Wisconsin Cougar Sighting

Posted by: Craig Woolheater on January 10th, 2007

Proof of cougars remains elusive

If they’re not here, they soon will be, state researcher says

STEVENS POINT — A year-long search failed to turn up positive proof that mountain lions are present in Wisconsin, but the study’s leader is far from dismayed.

“We’re still looking, but I don’t think it (finding conclusive evidence) is too far off,” said Eric Anderson, professor of wildlife at the University of Wisconsin-Stevens Point.

“If cougars are not here, they’re going to be here, and we should be thinking about how we are going to deal with their presence.”

Anderson’s optimism is buoyed by a photograph reportedly taken Oct. 22, 2005, near Ettrick in Trempealeau County. A bow hunter’s trail camera produced a blurry image that appears to be a cougar with a large collar around its neck.

Wisconsin Cougar Sightings

“I consider it to be a legitimate photo,” Anderson said. “It’s intriguing, to say the least.”

The presence of a collar could indicate the animal is an escaped pet cougar, but Anderson has another theory.

“South Dakota is doing radio-collar work with cougars. One of their collared cougars was located in northwestern Minnesota. One was headed in the direction of Wisconsin, and they don’t know its fate.”

If the latter animal is the cougar captured on camera, there is no way to verify it.

But the presence of cougars has been documented in Illinois and Minnesota, Anderson said, and the Michigan public is pushing that state’s Department of Natural Resources to concede cougars have a small but established population there.

Dozens of cougar sightings have been reported in Wisconsin in recent years, but state DNR officials say strong photographic or physical evidence is needed to verify those reports and to take any steps that might be necessary regarding the animals’ future.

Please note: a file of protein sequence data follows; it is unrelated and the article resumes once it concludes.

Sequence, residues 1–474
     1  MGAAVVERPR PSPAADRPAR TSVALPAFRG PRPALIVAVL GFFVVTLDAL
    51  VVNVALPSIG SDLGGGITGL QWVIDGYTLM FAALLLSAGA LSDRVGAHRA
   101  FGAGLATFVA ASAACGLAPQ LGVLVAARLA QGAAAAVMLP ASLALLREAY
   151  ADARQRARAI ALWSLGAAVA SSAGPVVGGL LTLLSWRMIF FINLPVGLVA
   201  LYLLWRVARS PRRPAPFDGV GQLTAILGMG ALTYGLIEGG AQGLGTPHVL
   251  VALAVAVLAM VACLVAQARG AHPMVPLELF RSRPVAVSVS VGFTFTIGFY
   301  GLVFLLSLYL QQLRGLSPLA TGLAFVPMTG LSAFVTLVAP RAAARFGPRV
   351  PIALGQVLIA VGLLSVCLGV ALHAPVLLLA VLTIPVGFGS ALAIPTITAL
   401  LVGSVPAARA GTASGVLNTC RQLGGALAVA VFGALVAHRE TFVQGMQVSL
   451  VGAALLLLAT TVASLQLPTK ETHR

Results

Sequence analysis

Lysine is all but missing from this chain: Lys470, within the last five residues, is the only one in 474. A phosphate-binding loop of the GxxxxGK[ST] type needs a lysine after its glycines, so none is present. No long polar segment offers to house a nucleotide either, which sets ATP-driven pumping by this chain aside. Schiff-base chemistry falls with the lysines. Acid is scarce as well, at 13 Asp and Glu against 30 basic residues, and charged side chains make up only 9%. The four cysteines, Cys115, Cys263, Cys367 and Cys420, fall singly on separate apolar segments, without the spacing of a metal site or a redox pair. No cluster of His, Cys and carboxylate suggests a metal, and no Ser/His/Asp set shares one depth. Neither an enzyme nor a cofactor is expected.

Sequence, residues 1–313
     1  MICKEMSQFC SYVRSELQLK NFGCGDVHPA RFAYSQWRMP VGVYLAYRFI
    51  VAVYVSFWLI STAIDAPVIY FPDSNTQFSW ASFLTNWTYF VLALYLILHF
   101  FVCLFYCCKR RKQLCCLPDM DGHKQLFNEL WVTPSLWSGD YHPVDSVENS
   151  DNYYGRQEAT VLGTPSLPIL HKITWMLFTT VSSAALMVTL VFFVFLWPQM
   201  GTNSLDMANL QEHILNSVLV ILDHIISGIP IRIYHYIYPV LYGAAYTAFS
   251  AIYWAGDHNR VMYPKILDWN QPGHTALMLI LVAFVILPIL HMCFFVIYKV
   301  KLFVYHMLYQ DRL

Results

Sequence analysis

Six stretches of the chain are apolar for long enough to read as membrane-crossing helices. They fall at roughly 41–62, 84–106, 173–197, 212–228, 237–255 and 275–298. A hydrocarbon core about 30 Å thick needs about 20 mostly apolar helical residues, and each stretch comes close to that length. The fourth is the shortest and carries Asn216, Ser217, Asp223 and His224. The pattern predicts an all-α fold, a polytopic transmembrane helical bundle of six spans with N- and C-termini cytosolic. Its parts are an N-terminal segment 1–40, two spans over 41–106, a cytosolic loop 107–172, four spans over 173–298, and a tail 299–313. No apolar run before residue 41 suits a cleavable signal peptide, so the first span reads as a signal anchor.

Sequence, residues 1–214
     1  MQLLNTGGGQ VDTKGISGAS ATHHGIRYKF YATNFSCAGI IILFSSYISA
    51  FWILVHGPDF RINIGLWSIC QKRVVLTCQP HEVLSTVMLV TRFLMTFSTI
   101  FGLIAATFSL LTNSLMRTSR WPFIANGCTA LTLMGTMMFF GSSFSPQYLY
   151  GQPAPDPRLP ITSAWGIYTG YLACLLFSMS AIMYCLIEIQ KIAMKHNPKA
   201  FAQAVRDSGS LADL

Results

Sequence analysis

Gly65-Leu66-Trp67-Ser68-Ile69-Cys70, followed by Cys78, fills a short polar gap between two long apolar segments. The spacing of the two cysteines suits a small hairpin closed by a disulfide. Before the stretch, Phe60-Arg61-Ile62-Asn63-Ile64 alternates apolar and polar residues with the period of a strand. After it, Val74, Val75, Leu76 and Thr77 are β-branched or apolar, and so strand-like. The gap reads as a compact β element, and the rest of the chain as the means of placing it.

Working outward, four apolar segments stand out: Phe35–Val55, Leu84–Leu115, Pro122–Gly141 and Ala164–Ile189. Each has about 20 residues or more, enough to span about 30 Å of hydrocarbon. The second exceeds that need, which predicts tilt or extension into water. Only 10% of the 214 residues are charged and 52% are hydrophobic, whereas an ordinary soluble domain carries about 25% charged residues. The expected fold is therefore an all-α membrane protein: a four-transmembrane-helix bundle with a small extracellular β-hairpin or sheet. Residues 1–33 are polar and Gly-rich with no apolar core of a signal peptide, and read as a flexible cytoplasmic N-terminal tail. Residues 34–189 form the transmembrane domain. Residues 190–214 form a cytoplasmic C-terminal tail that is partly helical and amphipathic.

Anderson began a concerted effort to obtain DNA samples of cougars in 2006.

Hair snares on rubbing posts baited with cat lure were placed in several areas of the state with frequent cougar sightings. The snares were designed to capture cat hairs for DNA testing to ascertain whether the hair came from a cougar or some other animal.

“We put a total of 36 hair snares out from Jan. 3 to the end of March,” Anderson said. “We had seven hits. Two were from bobcats, two were from black bear and three were of unknown materials.”

This winter, an additional effort will be made to collect hair samples, but the snare device has been redesigned and the cat lure reformulated.

“We’re trying to increase the attractiveness to mountain lions,” Anderson said. “We’ve done trials on captive animals to see which formula gets the best reaction. We’re trying to elicit a rubbing response.”

Snare efforts will be concentrated in Lincoln, Langlade and Oneida counties, enabling UWSP student researchers Kristina Artner and Joe Welch to more easily monitor the stations.

“The Rhinelander area produced the most cougar sightings in the state this past summer, with close to 10 observations,” Anderson said.

Many cougar sightings appear legitimate at first glance, he added, “but maybe 90 percent of the sightings are explainable as other species.

“When people have photos, nine times out of 10, the photo is of a bobcat. Shadows or the angle of the lens affect a photo, and if you don’t know what you’re looking for, it can look very much like a mountain lion.”

Anderson said the Ettrick photo is the only one “that I’m really quite convinced may be a mountain lion.”

A paw print obtained along the Wisconsin-Michigan border in Vilas County “looks pretty darn convincing to me,” he added.